Back home: Jennings is mayor’s pick for finance director

Steve Jennings is the county mayor’s choice for Blount County finance director. He must first be approved by the commission.

Photo by Jolanda Jansma

Steve Jennings is the county mayor’s choice for Blount County finance director. He must first be approved by the commission.

If Steve Jennings gets the job he wants, the Maryville native and current Manhattan resident already knows how he will spend his free time.

“I love to play golf. We own a lot on the lake at Lowe’s Ferry, and I am going to start fishing,” he said. “You don’t fish much in Manhattan. I’m looking forward to getting back to recreational activities.”

Not that Jennings, 54, is planning on an abundance of free time. The retired Alcoa, Inc., executive has his eyes set on becoming the Blount County finance director, taking over the job left vacant when Dave Bennett became CEO of Cherokee Millwright.

Jennings put in 30 years before retiring from the company’s New York City global headquarters in January of 2008. He then spent two years as a consultant.

Jennings, a University of Tennessee graduate, is County Mayor Jerry Cunningham’s choice for the job, but he must be approved by the Blount County commission at tonight’s meeting.

Jennings met with members of the press on Tuesday and shared his background and talked about his thoughts regarding moving from private industry to public service.

Jennings grew up on South Maple Street where his parents, Charlie and Helen Jennings, still live. He graduated Maryville High School in 1973, earned a degree from the University of Tennessee and then went to work at Alcoa, Inc., in accounting and finance.

“I spent 30 years working for Alcoa over various parts of the world and lived in upstate New York. I lived in Australia three years and finished my last five years in New York at the Alcoa Global headquarters. I still live in New York,” he said.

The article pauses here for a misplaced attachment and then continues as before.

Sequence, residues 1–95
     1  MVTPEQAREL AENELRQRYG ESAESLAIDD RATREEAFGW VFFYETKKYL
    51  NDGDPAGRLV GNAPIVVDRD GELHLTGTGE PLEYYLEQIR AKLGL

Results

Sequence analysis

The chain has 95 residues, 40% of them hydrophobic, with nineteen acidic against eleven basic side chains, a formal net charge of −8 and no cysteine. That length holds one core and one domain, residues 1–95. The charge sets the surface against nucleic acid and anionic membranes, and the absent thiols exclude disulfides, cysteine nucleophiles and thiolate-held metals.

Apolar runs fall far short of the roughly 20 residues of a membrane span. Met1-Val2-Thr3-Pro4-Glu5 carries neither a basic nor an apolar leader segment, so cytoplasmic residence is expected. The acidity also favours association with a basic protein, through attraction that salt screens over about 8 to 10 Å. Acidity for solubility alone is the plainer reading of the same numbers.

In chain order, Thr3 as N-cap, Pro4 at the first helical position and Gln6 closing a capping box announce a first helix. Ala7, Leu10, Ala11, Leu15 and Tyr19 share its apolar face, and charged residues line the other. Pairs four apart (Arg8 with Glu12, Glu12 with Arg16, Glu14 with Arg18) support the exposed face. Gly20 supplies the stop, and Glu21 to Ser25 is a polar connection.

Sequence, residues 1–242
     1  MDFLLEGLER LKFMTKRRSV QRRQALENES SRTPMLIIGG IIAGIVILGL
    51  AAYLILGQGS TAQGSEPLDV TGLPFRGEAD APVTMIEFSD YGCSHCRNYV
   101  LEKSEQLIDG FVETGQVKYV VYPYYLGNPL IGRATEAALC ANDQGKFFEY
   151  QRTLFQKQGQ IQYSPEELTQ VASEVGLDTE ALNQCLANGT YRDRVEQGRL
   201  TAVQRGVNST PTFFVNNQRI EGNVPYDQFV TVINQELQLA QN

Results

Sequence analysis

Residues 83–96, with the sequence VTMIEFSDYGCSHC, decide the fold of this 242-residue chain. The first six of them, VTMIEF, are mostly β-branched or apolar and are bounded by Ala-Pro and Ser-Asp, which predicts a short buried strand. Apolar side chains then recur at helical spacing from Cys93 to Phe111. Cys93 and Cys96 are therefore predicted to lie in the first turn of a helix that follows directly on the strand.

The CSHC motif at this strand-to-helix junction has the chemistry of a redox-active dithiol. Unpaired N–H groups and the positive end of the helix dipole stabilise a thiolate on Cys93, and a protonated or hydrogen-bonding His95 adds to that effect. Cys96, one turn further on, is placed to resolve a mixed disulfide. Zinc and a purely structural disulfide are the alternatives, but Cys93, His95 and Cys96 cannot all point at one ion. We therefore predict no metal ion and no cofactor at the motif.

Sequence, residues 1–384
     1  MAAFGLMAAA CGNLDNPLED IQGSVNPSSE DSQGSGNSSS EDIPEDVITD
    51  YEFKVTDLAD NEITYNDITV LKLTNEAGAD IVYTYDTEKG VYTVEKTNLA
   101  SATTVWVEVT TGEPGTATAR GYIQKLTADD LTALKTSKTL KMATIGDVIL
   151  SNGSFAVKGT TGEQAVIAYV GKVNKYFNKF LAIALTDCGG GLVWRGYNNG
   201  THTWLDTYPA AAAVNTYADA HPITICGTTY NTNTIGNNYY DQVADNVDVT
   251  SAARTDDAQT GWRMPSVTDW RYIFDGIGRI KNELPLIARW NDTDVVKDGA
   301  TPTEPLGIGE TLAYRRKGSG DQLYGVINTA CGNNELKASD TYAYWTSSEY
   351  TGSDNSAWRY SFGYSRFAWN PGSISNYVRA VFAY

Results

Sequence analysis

His last post with Alcoa was as CFO of Alcoa Primary Products Croup. “It’s Alcoa mining, refining and smelting divisions. It was called the ‘upstream’ part of Alcoa, Inc., which included the two smelters we have here in Alcoa,” he said.

During that time Jennings said he had a number of jobs. “I was in operating management for several years in addition to finance roles,” he said. “I decided several months ago that if a job came along and seemed interesting to me in this area, I would like to move back.”

One day his phone rang, and it was his father, Charlie, on the line to tell him about the county finance director’s job being open. Steve Jennings said he checked out the listing on line and was intrigued by the prospect of switching from private industry to the public sector.

“I applied, sent my resume, and Jerry gave me a call,” said Jennings. “One thing led to another and here we are,” he said. “This is home.”

Jennings said he has three siblings who still live in the area. His brother, David Jennings, is an assistant U.S. attorney in Knoxville. Sister Lori Ott teaches at Middlesettlements Elementary and sister Linda Lairamore is a speech pathologist in Blount County Schools.

Jennings and his wife, Charlotte, have been married 32 years. They have three children. Brad Jennings, 28, is a student at the University of Tennessee; Catherine Jennings, 26, is a teacher at Cedar Bluff Intermediate School; and Doug Jennings, 24, works at Barnes and Noble in New York and is making his way in the theater business.

Mayor Cunningham said he knew Steve Jennings family but had never met him. “I think the caveat is I knew him by reputation before I met him in person,” the mayor said.

Jennings described himself as being fiscally conservative from the standpoint of protecting citizen’s money.

“I believe it would be my role to advise the mayor and budget committee of the commission on the bond indebtedness and ways to manage risk associated with indebtedness - that being interest rates and working with the state comptroller’s office to bring Blount County’s debt management to a new level and a higher level to where it’s totally transparent and well understood.”

The county commission will consider Jennings’ appointment, which could come as soon as tonight’s meeting, Feb. 18. Cunningham said Jennings has been meeting with commissioners individually and that responses from the commissioners were positive.

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